Kelly Rowland teams up once again with her fellow “Dilemma” collaborator Nelly, for the remix of her latest single “Commander”. The song has very up tempo beat and is sure to make you dance. Check out this phresh remix HERE
Archive for May, 2010
HEY GUYS! I’M ON TWITTER! FOLLOW ME! I’LL RETURN THE FAVOR!
I was introduced to TOMS shoes movement when I recently made a trip to LA. EVERYONE was wearing TOMS shoes and i just had to learn more about them. Here is an excerpt from their website speaking about their mission statement:
TOMS Shoes was founded on a simple premise: With every pair you purchase, TOMS will give a pair of new shoes to a child in need. One for One. Using the purchasing power of individuals to benefit the greater good is what we’re all about. The TOMS One for One business model transforms our customers into benefactors, which allows us to grow a truly sustainable business rather than depending on fundraising for support.
Thse shoes are super comfortable and phresh to death! Make sure you support children in need and check out TOMS shoes HERE.
Check out the remix to Diddy-Dirty Money’s hit “Hello Goodmorning” ft. Rick Ross and Nicki Minaj. The offical video for the song drops tommorrow! Check the remix out HERE.
The video for Alicia Keys’ third single “Unthinkable (I’m Ready)” has dropped and deals with racial tensions. Alicia falls in love with a white man played by One Tree hill star Chad Michael Murray. Does she let what people say hold her back from true love, or will she ignore the critiscism and be with the man she loves? Watch the video above to find out!
Lena Horne, the ground-breaking singer, actress and civil rights activist who, in 1942, became the first African-American performer to be put under contract by a major studio, died on Sunday, May 9, at New York-Presbyterian/Weill Cornell Medical Center in New York. She was 92. According to the New York Times, Horne’s death was announced by her son-in-law, Kevin Buckley.
Though her movie career spanned nearly six decades and included a smattering of well-regarded films, like Stormy Weather (1943), Ziegfeld Follies (1946), and Meet Me in Las Vegas (1956), Horne was best known for her singing. Her music highpoints include blockbuster collaborations with Tony Bennett, Grammy-winning recordings of her Vegas nightclub act (1981′s The Lady and Her Music, Live on Broadway, and 1995′s An Evening With Lena Horne), and her Tony-nominated performance in the Broadway musical, Calypso. Horne grew up in an upper-middle-class African American enclave of Brooklyn, raised primarily by her grandparents after age 3, when both her parents left the family. By the time she was 16, Horne had scored a regular singing gig at Manhattan’s Cotton Club. Her knack for dramatic flourish and romantic renditions of jazz standards led to appearances on TV variety shows including The Ed Sullivan Show and The Dean Martin Show, as well as a role in the big-screen musical, The Duke Is Tops (1938). Though she never found the substantial, satisfying work she sought on film, Horne did make an impact, later in life, on TV in recurring roles on The Muppet Show and The Cosby Show.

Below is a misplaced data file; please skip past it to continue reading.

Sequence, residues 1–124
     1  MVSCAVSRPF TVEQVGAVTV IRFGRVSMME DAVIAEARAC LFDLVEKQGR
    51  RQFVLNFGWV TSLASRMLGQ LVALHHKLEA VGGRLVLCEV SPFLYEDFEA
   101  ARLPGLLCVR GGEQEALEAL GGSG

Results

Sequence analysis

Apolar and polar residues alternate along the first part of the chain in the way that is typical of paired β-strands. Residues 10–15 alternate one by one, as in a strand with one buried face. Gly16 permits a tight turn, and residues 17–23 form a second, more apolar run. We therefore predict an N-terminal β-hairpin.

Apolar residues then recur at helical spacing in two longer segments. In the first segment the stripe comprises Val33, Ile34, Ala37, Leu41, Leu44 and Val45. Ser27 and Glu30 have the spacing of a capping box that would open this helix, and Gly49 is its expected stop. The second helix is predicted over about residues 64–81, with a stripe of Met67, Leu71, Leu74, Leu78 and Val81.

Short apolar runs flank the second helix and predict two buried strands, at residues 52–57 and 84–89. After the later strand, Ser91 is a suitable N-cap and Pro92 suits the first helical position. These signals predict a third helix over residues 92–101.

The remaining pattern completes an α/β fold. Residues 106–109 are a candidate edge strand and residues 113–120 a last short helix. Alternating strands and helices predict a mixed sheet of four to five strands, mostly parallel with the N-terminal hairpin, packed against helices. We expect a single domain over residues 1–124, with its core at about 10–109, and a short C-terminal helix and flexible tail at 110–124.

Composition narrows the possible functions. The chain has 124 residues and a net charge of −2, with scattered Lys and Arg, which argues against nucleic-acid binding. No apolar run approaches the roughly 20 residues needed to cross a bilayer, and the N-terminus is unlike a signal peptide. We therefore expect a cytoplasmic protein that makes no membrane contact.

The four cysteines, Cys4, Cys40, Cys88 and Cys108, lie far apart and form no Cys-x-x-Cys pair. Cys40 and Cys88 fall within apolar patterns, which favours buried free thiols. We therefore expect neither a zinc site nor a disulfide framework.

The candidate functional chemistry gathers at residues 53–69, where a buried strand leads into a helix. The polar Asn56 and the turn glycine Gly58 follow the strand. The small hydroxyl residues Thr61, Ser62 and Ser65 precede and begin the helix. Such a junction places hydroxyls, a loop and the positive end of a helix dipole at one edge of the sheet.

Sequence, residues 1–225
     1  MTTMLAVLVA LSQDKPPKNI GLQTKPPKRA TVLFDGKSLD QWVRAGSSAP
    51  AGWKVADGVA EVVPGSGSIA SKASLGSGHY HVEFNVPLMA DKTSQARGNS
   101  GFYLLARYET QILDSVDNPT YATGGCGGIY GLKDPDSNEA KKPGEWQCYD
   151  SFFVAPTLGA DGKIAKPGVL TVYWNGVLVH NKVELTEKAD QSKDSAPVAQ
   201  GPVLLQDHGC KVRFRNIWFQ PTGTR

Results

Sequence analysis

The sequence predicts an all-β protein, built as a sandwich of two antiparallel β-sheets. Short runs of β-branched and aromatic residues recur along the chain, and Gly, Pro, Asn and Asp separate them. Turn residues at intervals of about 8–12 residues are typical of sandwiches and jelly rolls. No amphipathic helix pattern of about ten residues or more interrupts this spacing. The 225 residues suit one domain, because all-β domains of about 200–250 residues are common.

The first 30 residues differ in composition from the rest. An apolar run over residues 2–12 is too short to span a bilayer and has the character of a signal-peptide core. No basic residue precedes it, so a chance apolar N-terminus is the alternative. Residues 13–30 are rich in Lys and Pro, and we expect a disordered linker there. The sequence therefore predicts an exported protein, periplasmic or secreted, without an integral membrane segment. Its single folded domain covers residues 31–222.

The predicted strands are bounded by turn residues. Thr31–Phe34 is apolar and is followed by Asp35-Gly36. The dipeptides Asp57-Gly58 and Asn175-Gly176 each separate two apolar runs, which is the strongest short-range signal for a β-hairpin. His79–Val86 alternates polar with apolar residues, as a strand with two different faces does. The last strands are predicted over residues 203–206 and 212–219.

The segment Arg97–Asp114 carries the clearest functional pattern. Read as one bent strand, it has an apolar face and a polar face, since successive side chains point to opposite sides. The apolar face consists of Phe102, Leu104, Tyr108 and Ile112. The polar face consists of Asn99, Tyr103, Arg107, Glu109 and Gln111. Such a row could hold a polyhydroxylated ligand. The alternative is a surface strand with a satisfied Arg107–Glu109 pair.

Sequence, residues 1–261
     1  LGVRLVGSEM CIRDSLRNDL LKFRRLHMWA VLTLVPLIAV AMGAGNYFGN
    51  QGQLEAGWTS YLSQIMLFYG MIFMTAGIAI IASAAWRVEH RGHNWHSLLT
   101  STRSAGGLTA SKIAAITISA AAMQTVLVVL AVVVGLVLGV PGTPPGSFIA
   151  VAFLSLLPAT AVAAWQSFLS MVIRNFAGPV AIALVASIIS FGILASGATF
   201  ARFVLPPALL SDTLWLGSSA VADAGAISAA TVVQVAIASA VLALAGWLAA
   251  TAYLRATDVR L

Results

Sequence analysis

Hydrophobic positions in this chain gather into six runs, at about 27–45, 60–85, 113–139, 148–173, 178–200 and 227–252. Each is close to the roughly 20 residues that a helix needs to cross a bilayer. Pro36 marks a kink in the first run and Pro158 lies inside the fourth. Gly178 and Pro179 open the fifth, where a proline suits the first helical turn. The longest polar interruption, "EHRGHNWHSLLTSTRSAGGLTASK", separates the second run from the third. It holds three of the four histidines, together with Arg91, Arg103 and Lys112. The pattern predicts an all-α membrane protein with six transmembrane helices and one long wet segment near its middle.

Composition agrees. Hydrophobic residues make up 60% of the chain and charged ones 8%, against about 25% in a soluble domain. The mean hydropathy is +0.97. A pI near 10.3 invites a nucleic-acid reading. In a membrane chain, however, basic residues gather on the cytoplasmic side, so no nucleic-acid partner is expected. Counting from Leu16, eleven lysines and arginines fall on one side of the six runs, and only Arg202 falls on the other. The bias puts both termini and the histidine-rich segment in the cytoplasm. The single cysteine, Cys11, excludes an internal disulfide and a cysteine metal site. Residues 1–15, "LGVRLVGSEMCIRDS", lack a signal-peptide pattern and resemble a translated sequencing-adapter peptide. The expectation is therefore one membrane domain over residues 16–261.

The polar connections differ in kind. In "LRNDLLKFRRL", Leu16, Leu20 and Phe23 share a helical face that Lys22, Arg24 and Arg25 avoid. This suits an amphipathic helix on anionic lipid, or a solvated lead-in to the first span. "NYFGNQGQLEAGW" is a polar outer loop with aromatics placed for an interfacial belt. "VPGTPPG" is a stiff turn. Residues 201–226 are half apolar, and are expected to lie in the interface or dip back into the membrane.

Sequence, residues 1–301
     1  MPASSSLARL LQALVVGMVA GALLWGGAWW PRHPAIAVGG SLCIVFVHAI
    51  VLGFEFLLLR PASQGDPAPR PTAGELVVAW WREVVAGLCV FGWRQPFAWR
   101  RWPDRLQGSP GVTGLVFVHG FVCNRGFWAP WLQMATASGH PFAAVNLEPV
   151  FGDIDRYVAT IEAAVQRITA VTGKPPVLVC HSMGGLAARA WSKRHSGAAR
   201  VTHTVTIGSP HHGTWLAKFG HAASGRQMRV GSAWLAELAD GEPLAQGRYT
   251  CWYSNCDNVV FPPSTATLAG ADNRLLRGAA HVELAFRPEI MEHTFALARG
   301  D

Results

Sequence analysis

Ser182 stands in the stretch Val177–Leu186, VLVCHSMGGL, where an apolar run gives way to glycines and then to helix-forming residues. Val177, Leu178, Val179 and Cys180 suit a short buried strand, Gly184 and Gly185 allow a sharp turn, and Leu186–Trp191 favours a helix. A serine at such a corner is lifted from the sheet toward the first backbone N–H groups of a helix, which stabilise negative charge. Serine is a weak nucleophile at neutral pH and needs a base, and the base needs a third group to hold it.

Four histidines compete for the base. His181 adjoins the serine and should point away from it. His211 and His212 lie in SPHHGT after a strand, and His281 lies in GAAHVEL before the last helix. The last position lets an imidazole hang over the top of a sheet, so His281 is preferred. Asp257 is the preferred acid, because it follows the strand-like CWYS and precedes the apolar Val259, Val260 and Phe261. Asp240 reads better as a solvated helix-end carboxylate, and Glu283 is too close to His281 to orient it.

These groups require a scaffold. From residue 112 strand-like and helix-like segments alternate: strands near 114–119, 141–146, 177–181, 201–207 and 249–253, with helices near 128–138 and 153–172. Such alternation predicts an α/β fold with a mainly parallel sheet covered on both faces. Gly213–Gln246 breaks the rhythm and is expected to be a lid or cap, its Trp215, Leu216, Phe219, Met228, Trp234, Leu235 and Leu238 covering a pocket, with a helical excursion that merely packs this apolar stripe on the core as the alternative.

Throughout her career, Horne was equally dedicated to her advocacy for civil rights. She was an early pioneer in the movement for equality, fighting for desegregation alongside such legends of the movement as Paul Robeson and Medgar Evers. She also fought with first lady Eleanor Roosevelt to pass anti-lynching laws. The combination of Horne’s disarming talent and fierce individuality created a powerful force in breaking down racial barriers in Hollywood and beyond.
Horne is survived by her daughter, Gail Lumet Buckley. Horne’s husband and her son both died in 1971, the latter of kidney failure.